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Deer Hunting In Scotland: A Week on the Hinds. Part Five

in hunting •  2 years ago


We sight a group of Hinds and follow the Ghillie trying to cross some dead ground towards them. Rounding the hillside I stand up in an involuntary attempt to make the searing pain in my back ease up, in doing so I silhouette against the skyline and the Hinds flash their tails and are gone. I’ve earned my first disparaging look.    

The Ghillie sets off like a racing snake and we struggle after him. Suddenly he crouches down, we do the same. Even at a crouch he moves at exactly the same speed, the gap between us grows, he makes an irritated hand gesture which I interpret as ‘bend down further and walk faster’. Before I can catch him up he’s turned and is slithering downhill on his belly. I try to follow him starting on all-fours, sinking elbow deep into the mud. Something between a wriggle and a slide brings me alongside the Ghillie who is making a hand signal I infer as ‘put your rifle here NOW you Sassenach time waster or I’ll knot the barrel around your feckin’ neck.’ I have no doubt that he could and would.    

Lying wedged between a cluster of tussocks and rocks covered in melting snow I try to slow my pounding heart and heaving chest, my eyes lurch in and out of focus, my inner ears pound like rain on a tin roof, the crosshairs dance over the Hind.  I manage to pull it all together and between heartbeats start to squeeze the trigger. Nothing happens. I’m wondering it a stick or stone has become wedged behind the trigger’s blade. I’m pretty sure the deer isn't going to wait around much longer so I apply the kind of force you’d use to crack a walnut shell. The trigger breaks. The first round is a clean miss, “Feckin reloud" snarls the Ghillie, I work the bolt and send the second one sailing over the Hind’s shoulder, a third makes the same trajectory. Pictures of smashed bullseyes at the indoor range dance before my eyes, but-but-but my confidence is slumping, Big Tim looks on with kindly concern, the ghillie’s ill-concealed contempt hangs in the air. We trudge on, fording a stream or six. The wind rasps, snow swirls, and along with the tops of my boots, my ebullience starts to take on water. Worse by far than being ‘that guy’ I’ve become ‘that client’. All those hours of range-time have come to nowt.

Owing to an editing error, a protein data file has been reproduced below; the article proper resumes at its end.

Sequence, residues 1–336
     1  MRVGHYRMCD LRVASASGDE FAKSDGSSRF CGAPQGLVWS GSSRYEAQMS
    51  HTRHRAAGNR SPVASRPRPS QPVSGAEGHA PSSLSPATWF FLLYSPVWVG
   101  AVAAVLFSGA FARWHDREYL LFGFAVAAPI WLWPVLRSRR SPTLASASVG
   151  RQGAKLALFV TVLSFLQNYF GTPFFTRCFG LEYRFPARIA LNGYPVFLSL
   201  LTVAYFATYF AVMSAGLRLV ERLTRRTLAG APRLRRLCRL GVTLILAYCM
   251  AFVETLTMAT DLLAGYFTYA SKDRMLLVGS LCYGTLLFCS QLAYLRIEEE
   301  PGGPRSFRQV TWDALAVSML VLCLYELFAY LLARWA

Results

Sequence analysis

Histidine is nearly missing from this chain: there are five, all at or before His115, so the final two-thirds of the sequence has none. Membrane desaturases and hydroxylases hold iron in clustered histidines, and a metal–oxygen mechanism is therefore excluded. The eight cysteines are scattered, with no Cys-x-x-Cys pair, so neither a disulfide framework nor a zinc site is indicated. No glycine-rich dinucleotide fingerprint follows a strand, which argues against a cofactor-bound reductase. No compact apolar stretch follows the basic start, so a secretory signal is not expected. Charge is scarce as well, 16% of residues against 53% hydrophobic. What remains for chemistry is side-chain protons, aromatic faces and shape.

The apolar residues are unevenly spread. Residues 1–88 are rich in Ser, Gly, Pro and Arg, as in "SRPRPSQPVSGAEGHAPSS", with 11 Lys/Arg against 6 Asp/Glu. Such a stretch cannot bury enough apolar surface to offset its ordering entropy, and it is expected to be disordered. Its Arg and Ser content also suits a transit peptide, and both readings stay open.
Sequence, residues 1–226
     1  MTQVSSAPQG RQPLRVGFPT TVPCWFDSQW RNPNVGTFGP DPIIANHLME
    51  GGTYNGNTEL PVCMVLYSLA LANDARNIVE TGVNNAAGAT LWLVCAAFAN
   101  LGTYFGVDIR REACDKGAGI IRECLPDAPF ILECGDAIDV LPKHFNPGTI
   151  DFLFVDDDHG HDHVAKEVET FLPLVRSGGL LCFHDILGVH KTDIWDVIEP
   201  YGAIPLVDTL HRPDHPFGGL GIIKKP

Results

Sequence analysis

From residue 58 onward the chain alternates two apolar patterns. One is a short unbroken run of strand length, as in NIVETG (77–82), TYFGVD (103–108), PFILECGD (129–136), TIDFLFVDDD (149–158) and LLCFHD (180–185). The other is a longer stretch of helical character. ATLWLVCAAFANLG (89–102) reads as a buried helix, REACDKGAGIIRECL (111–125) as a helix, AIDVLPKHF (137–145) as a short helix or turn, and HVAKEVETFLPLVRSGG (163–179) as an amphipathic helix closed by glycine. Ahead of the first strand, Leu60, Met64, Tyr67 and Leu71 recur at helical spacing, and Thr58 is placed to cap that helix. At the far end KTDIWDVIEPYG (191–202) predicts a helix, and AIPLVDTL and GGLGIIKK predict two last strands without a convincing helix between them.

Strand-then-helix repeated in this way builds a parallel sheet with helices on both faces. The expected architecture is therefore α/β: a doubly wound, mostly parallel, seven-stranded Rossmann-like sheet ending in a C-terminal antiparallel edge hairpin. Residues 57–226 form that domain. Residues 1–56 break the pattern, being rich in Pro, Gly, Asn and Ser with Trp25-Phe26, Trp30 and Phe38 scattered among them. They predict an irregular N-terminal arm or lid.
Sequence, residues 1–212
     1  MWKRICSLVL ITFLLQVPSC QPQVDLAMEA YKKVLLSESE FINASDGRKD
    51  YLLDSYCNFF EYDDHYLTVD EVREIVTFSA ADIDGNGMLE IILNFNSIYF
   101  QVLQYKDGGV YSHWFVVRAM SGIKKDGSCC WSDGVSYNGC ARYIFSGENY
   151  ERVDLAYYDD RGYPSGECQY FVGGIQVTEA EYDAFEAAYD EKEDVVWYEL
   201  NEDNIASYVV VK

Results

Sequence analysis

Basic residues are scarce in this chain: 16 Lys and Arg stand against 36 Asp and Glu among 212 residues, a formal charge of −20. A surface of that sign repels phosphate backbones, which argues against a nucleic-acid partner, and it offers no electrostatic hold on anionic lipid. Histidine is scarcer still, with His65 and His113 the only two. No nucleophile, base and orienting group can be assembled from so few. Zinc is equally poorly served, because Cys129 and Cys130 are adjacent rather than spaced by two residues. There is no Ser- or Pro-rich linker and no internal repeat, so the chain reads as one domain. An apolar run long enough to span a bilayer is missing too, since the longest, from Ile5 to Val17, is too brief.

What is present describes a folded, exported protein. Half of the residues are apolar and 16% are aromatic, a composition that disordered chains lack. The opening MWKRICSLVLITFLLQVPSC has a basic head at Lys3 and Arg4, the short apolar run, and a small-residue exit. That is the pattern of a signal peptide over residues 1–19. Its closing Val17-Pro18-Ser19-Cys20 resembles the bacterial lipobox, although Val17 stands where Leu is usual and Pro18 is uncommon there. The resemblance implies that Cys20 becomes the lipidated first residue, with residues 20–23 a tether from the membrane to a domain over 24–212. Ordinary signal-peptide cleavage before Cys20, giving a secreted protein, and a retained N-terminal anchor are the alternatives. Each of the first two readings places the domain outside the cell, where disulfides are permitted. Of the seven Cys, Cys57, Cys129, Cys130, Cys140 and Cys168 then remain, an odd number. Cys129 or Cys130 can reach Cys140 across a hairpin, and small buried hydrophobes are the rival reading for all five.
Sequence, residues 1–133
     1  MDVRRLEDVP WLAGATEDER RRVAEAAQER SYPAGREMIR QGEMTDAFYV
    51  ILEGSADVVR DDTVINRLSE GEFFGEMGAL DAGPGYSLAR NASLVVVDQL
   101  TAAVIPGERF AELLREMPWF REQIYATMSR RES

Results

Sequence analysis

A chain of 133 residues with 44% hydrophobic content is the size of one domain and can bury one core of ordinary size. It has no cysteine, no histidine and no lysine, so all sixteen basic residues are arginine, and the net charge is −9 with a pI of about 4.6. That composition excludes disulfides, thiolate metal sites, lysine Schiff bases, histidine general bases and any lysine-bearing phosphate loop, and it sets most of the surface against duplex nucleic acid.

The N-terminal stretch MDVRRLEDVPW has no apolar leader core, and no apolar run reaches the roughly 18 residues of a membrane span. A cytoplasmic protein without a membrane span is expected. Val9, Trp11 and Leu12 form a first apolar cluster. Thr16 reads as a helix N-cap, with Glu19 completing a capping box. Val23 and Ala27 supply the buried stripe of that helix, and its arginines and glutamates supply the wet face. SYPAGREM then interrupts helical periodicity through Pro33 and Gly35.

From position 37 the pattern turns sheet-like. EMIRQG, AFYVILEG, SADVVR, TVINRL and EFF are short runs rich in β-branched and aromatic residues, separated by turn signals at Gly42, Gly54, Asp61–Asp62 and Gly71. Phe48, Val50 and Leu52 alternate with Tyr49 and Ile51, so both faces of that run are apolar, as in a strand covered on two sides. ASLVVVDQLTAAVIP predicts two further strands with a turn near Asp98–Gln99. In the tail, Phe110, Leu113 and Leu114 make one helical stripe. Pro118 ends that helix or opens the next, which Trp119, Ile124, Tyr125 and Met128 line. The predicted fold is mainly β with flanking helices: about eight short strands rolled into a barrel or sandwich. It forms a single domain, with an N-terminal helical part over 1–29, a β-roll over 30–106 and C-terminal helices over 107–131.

In the UK our deer seasons are sexed, when Red hinds are in season so are Roe does. Further down the glen the next opportunity presents and to make things worse another pair of rounds sail over a doe’s shoulders. The Ghillie’s withering contempt is more abrasive than the winds that blast the hillside. We trudge on, I feel like the worst kind of time-waster imaginable. Now despondent I mention my dismay at missing five times in a row. The Ghillie “If you’re looking for sympathy its somewhere between shit and syphilis”  I’m so down heartened the best I can do by way of retort is a rather feeble  “Aye is that right?’ I console myself that he not calling me 'sir'.  Yet.   As we near the Landrover the Ghillie asks for my rifle, empties the chamber and squeezes the trigger, a palpable air of disgust threatens to strip the varnish from the rifle's stock, he repeats the procedure, "that's such a nice trigger" I must have looked shocked because he adds "erhm being sarcastic" Equipment failure may have earned me a partial reprieve from charges of Sassenach uselessness. Partial.   

Back at the Landrover, I heave myself and the huge weight of my bog-encrusted boots in, the Ghillie flicks a switch firing up what appears to be a small jet engine repurposed as a heater.  Your Truly: “I’ve never been in a Landrover with a heater like this!” The Ghillie: Aye. Is that right? Big Tim rocks up and clambers in after us, all fat and jolly, happy to be out of the wind, and in the warm blast of the industrial clothes dryer. Big Tim “ This heater didn't come with the Landrover! I’ve never been in a Landrover with a heater like this!” The Ghillie: Aye. Is that right?   The ghillie drops us off at the lodge, a sort of wooden summerhouse with a kitchen sink and a big wood burner. Its installers, concerned that it’ll want to take Dorothy and Toto on an unwarranted trip to Oz, have ratchet-strapped the roof to four ton-plus blocks of concrete. Trying to keep each other buoyed up we eat our sandwiches of repurposed breakfast sausages and gulp down the rapidly cooling soup. For a change accuracy is too serious a subject to be joked about.   

With a few calories onboard we take the 7x57 down to the range, I trudge up the slope and pin the A4/letter sized paper on the board. As soon as I'm safely behind him again Big Tim takes position and starts to splatter rounds over the backing board. The central black dot remains untroubled. Now it’s Big Tim’s turn to look perturbed, first it turns out the moderator isn't screwed on as tight as we might have liked, he gives it a twist. Putting his attention to the scope, he dials in some windage clicks and puts two rounds onto the top right hand corner of the paper. He calls me over. I settle behind the rifle. As I’m wriggling into position the rifle rattles, when I say ‘rattles’, it rattles like a supermarket trolley on a cobbled street. WTF! I put my hand on the S&B 6x42 scope, its barely moored to the rifle at all. Now filled with the glee of exoneration I saunter back to the Ghillie’s house, all smirking set to stealth mode.    Yours truly: Hi, I’m wondering, can we borrow a flat head screwdriver?  Ghillie: Sure what size are you needing? Yours truly: Rings. Scope’s not tight to the rifle Ghillie: Aye. Is that right?   With the scope now reattached to its moorings we're able to pouch some holes in the black dot, and whistling Bob Marley's 'Redemption Song' retreat to the fireside.  

Thanks for reading

Your pal 


More in Part Six

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